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New Yorker Fiction Review #163: "A Short History of Zaka the Zulu" by Petina Gappah

Image result for Petina Gappah Zakwa Zulu New Yorker

Review of a story from the Sept. 26th, 2016 issue of The New Yorker...

Unfortunately, they keep making weeks faster than I can get through my back issues of The New Yorker, so I've fallen now five (5) months behind. But it's not like fiction goes bad or anything, so...

It took me three tries, on three separate days, to get past the first page of this story, and I'm not sure why. I think it has to do with the "voice" being too reminiscent and too removed. Even when I finally sat down and determined to get the story under my belt, I faded in and out of attention while reading it. Just to test myself -- to see if it was some internal problem of my own like momentary ADD -- I read a John Cheever story right afterward and had no troubles. A compelling story is a compelling story, whether it's about devious middle class white people in 1960s Long Island or about boys in a prep school in Zimbabwe.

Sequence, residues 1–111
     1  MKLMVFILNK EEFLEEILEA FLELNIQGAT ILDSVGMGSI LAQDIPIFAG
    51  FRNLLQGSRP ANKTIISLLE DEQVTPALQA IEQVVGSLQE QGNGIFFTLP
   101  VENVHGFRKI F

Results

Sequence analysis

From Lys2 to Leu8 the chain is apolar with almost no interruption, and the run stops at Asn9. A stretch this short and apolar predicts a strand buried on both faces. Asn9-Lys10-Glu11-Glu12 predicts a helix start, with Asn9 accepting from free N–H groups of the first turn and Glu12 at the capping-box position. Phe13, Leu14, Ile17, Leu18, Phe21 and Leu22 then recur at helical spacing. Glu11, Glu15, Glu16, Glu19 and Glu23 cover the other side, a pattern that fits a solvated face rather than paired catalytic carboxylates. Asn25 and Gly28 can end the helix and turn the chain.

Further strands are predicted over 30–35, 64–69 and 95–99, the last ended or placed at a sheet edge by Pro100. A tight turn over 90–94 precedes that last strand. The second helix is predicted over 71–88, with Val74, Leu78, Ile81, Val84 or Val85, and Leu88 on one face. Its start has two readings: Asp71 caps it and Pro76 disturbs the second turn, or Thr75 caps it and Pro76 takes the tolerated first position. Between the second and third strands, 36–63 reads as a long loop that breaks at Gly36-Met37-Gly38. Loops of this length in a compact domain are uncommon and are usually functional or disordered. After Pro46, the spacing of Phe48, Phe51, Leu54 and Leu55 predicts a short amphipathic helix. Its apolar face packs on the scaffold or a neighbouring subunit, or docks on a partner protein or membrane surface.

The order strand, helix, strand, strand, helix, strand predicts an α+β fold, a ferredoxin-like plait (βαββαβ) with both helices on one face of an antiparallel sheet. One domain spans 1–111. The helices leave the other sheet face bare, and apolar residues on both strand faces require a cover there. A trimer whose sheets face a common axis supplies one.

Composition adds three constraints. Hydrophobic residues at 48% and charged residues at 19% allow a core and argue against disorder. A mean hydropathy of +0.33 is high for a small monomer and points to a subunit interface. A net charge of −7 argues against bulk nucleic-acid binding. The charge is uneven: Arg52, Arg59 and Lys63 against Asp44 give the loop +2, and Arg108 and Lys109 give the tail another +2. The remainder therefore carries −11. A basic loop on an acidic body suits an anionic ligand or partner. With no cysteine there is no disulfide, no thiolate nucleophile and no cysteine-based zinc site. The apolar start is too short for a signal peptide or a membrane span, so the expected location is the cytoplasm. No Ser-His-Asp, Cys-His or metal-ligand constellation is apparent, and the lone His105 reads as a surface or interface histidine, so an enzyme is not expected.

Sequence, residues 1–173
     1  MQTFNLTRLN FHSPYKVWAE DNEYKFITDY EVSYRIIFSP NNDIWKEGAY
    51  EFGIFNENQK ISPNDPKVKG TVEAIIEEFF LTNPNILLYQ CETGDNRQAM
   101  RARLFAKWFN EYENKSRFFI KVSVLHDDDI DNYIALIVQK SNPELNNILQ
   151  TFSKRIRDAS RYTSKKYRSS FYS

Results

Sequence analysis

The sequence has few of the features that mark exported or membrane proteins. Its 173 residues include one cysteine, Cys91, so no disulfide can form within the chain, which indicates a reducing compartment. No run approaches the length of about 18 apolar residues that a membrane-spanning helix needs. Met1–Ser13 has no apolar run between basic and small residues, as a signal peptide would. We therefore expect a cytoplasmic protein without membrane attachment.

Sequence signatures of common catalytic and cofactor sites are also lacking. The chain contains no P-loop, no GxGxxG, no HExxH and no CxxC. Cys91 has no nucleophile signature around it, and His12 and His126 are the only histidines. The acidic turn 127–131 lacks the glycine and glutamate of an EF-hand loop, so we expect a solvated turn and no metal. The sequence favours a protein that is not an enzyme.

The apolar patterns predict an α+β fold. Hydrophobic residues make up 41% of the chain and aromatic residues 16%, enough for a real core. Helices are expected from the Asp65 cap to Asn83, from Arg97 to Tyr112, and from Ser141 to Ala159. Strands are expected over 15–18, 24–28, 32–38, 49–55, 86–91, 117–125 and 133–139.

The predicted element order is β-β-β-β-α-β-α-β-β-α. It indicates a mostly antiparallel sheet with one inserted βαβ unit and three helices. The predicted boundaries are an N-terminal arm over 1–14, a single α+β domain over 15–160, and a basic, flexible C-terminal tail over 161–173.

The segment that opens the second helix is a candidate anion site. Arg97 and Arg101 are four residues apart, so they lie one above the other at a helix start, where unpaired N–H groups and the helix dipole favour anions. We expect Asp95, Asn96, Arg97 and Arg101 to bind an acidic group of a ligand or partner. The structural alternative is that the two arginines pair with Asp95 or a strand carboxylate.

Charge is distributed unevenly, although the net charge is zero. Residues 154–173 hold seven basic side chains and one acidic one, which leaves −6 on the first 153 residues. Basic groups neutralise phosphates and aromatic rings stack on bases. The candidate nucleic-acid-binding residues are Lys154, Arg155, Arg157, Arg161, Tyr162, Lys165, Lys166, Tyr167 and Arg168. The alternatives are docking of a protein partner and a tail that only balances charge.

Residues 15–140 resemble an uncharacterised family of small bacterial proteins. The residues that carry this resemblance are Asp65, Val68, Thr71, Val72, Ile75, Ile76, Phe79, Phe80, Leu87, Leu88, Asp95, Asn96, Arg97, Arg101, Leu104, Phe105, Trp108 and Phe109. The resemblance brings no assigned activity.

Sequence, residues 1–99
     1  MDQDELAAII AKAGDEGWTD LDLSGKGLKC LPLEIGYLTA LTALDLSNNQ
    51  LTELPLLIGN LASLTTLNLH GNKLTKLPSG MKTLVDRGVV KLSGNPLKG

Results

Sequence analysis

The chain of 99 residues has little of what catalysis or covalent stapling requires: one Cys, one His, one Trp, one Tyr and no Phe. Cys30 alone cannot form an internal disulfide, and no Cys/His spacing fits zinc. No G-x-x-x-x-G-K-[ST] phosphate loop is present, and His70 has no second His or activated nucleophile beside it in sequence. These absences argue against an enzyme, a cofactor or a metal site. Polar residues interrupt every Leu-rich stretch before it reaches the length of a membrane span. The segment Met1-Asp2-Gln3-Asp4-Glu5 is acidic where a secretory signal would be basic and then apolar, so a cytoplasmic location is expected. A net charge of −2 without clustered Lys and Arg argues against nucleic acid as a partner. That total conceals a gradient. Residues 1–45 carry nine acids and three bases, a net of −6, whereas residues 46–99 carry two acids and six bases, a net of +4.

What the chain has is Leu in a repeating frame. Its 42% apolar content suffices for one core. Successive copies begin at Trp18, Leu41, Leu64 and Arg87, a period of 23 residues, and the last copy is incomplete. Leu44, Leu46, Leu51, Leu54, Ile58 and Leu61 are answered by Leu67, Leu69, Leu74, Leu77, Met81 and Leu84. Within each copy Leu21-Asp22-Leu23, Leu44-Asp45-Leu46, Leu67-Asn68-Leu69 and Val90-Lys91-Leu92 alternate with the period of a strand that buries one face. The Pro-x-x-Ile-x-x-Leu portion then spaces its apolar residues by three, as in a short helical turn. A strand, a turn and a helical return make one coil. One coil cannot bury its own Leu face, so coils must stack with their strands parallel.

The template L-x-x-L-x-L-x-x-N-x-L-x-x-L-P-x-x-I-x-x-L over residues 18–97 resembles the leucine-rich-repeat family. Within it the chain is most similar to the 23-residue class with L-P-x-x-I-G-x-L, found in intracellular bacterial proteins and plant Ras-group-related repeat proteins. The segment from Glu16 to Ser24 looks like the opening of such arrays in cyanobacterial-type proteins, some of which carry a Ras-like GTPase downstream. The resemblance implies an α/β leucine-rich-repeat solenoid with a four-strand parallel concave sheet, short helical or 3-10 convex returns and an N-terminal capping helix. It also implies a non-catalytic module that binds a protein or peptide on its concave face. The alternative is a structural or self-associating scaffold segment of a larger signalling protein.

No reason to pile-on here. I made an honest effort, but didn't enjoy this one. It happens.

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